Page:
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Young explorers embrace Jinan's past

By MENG WENJIE | China Daily | Updated: 2024-06-26 06:34
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Young people from across the globe pose for a photo on Jingsan Road, a historic road in the Ronghui old commercial area in Jinan, Shandong province, on June 22. [Photo by Dong Ming/For China Daily]

Jinan, with its blend of historical charm and modern opportunities, inspires young people worldwide.

In 1904, Jinan, the capital city of Shandong province in East China, received approval from the Qing Dynasty (1644-1911) government to open a commercial port. This decision positioned Jinan as the first major inland city in modern Chinese history to proactively engage with the outside world, marking a new chapter for this city.

Fast forward 120 years, a group of nine young individuals from the initial investing nations following the port's opening, including Germany, the UK, Japan, and the US, visited Jinan from June 21 to 23.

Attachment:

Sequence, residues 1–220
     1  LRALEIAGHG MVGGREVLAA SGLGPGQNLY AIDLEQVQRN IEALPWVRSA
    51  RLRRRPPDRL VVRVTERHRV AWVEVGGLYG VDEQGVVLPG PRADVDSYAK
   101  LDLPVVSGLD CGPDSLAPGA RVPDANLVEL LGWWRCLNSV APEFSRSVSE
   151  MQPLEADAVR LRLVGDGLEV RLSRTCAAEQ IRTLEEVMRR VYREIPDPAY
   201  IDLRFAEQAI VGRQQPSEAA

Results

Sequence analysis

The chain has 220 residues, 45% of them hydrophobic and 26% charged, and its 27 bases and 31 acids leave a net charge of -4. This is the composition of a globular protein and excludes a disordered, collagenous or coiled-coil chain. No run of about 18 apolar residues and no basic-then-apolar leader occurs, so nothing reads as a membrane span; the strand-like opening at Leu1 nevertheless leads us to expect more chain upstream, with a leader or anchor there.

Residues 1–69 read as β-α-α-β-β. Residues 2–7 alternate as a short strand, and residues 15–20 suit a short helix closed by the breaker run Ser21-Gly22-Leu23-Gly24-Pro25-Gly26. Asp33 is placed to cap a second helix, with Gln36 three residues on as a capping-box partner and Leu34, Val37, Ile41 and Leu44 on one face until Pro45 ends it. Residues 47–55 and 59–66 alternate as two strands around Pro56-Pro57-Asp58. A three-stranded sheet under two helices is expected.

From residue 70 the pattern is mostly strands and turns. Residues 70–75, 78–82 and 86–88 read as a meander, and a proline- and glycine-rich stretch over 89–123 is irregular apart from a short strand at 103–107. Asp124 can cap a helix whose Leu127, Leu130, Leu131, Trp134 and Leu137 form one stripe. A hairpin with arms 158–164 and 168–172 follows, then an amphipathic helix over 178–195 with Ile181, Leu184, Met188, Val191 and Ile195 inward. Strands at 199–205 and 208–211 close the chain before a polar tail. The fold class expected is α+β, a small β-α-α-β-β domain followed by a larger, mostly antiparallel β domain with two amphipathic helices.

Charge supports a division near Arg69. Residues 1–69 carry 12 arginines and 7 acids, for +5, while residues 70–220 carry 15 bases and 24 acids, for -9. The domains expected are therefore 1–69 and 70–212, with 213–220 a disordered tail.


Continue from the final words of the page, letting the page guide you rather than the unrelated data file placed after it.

During their three-day stay, they explored the historical charm and contemporary vibrancy of Jinan, reflecting on the city's past while embracing the confidence and hope it instills in the present day.

Caspar William Zialor, a 32-year-old from the UK, is familiar with Jinan. Currently pursuing a master's degree in journalism and communication at Shanghai Jiao Tong University, he first began his long-term study in China at Qingdao University, also in Shandong.

Zialor noticed a significant similarity between Jinan and his hometown of London: both cities highlight their waterways, rivers, and canals as essential infrastructure for local economic growth.

He observed how Jinan has effectively used these advantages to engage in trade with international businesses. "This allows Jinan to grow from a traditional Chinese city into a more modern and dynamic one that creates the global opportunities it enjoys today," he said.

The long history of international exchange and cooperation has not only established a strong commercial foundation for Jinan but also cultivated an open mindset that embraces new products, technologies, and ideas. This openness continues to drive the city's economic development and industrial structure today.